On Sep 17, 2012, manza from Long Beach, CA (Zone 10b) wrote:

This tree is growing at California State University, Long Beach, in the engineering building parking lot and by the Japanese Gardens.

I've read that this plant is often associated with the Jadera bug.


On Dec 26, 2011, JuliBuli from Glendora, CA wrote:

I live in Glendora, California. We are in Southern California. For many years, I have noticed this particular tree growing across the street from my house. I always seem to pay attention to it more in the late fall when the "blooms", which actually are the seed pods, are in their full production. Usually, the tree has bothered me because the color of these pods fades rather quickly from a pink to a salmon color. They tend to stay on the tree a long time,and I prefer "true" or brilliant colored things. So,you can almost say I get annoyed when the pods linger. Recently, we had a major Santa Ana windstorm which caused millions of dollars in damage to several local communities.I was amazed that this tree, who nobody seemed to know the botanical name of,
survived the storm and the pods w... read more


On Nov 9, 2008, htop from San Antonio, TX (Zone 8b) wrote:

Koelreuteria bipinnata can be distinguished from Koelreuteria paniculata by the bipinnately compound leaves with entire or finely toothed leaflets, flowers with 4 petals and elliptically shaped fruits. The seedpod bracts change from pink to salmon. Koelreuteria paniculata has once pinnately to a few imperfectly bipinnately compound leaves, coarsely toothed to lobed leaflets, 5-petaled flowers and conically shaped fruits. Koelreuteria elegans differs from K. bipinnata by its being evergreen, having tighter inflorescences and having leaflets with very oblique bases.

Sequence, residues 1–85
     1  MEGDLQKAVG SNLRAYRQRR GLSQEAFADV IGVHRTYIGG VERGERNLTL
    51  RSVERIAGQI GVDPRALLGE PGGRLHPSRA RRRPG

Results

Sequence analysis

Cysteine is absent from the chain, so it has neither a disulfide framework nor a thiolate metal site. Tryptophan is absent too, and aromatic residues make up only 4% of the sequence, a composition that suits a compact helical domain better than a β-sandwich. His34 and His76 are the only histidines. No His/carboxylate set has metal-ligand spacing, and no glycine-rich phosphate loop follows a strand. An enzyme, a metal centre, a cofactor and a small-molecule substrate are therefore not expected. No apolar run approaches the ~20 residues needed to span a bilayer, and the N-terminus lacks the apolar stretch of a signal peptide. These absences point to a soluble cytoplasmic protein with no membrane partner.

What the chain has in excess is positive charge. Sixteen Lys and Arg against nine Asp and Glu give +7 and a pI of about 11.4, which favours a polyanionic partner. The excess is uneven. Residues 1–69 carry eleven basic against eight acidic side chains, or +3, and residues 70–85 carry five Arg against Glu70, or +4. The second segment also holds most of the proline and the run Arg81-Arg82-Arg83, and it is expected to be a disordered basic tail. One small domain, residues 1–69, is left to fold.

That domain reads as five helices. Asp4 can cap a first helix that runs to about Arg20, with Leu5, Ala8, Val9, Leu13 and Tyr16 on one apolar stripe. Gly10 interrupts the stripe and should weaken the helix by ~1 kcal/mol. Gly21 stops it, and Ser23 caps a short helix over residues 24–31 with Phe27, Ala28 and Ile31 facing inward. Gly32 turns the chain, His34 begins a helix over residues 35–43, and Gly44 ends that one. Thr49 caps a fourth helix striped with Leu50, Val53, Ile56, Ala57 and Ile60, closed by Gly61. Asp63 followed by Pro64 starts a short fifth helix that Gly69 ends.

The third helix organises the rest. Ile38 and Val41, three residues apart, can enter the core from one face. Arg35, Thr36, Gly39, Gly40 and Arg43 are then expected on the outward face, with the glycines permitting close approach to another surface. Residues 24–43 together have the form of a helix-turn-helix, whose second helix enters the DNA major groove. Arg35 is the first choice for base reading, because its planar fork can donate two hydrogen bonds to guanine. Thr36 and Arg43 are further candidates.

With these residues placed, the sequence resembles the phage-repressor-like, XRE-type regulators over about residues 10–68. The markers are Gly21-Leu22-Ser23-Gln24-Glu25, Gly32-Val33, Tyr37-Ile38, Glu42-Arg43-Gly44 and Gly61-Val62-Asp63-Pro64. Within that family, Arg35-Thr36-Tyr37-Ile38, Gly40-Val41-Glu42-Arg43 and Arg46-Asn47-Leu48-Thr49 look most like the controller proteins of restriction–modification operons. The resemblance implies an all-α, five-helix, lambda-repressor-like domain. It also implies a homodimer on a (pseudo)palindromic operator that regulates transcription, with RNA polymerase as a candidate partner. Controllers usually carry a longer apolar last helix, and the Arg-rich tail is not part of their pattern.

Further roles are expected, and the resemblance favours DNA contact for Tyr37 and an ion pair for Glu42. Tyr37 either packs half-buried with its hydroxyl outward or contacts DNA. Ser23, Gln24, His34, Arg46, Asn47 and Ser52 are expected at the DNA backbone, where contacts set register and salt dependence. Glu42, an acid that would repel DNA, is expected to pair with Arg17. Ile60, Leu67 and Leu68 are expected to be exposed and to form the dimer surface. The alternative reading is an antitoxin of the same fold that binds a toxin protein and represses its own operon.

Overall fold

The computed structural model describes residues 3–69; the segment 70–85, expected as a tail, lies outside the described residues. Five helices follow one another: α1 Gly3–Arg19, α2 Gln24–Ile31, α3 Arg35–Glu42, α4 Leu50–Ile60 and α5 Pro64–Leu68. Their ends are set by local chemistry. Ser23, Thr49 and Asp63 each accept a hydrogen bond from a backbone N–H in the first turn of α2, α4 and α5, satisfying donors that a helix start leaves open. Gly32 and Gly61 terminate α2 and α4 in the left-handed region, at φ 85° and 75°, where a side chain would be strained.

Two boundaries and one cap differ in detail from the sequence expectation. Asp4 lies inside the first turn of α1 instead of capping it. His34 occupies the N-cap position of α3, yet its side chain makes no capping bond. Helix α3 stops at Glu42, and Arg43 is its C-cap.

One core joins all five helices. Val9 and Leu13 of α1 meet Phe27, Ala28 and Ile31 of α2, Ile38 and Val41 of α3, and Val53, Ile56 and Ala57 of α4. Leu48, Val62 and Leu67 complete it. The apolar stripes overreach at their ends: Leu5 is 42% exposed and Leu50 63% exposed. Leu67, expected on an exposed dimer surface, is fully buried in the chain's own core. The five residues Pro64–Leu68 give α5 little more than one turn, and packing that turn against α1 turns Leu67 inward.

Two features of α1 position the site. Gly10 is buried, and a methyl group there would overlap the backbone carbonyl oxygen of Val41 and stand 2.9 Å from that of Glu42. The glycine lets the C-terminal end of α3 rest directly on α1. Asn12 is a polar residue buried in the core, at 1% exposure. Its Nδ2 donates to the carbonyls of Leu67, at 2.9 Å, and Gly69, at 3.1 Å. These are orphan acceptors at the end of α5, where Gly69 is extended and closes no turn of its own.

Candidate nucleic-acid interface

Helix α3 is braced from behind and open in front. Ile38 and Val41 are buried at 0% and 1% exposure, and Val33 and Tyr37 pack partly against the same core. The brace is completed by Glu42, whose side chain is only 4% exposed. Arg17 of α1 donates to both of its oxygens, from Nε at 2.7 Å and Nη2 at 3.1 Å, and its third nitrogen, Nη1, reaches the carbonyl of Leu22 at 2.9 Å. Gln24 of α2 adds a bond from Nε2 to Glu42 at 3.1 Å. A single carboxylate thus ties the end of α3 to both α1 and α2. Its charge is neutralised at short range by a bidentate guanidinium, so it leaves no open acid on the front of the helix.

On Oct 24, 2008, ARWadoo from Srinagar,
India wrote:

I have seen the plant growing as an avenue tree in La jolla sandiego. Infall with its coloured pods and green foliage the plant is attractive.


On Sep 30, 2006, nalin1 from New Delhi,
India (Zone 10a) wrote:

A drought hardy tree in Zone 10a New Delhi, Koelreuteria Bipinnata is also known as the golden 'Pride of India' tree. (Another more well-known Pride of India tree is the Crepe Myrtle-- Lagerstroemia Indica and Lagerstroemia Flos Regina that have pink and mauve flowers respectively. The L.Thorelii also has pink flowers.).

Fairly fast growing, Koelreuteria has beautiful panicles of small yellow flowers late summer through October, and the fruit capsules that follow are papery pinkish red lantern shapes that stay on the tree a long time also looking like flowers from a distance.

Koelreuteria bipinnata is a very nice shady tree that grows to over 30 feet with an equivalent spread. I am planting one at the parking lot at my farmhouse near two Spathodeas.Technic... read more


On Aug 7, 2004, thehumblebumble from Heber Springs, AR (Zone 7b) wrote:

The Golden rain tree has beautiful bright yellow blooms but here it is and extremely slow grower. Which would be good if you were looking for a specimen tree which stays compact.